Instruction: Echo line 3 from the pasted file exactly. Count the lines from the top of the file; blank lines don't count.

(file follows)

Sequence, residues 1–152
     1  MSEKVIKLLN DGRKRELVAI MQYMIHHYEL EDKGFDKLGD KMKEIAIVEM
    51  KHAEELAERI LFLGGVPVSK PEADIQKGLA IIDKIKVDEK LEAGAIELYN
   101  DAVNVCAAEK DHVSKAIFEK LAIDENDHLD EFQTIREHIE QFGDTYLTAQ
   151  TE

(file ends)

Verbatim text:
    51  KHAEELAERI LFLGGVPVSK PEADIQKGLA IIDKIKVDEK LEAGAIELYN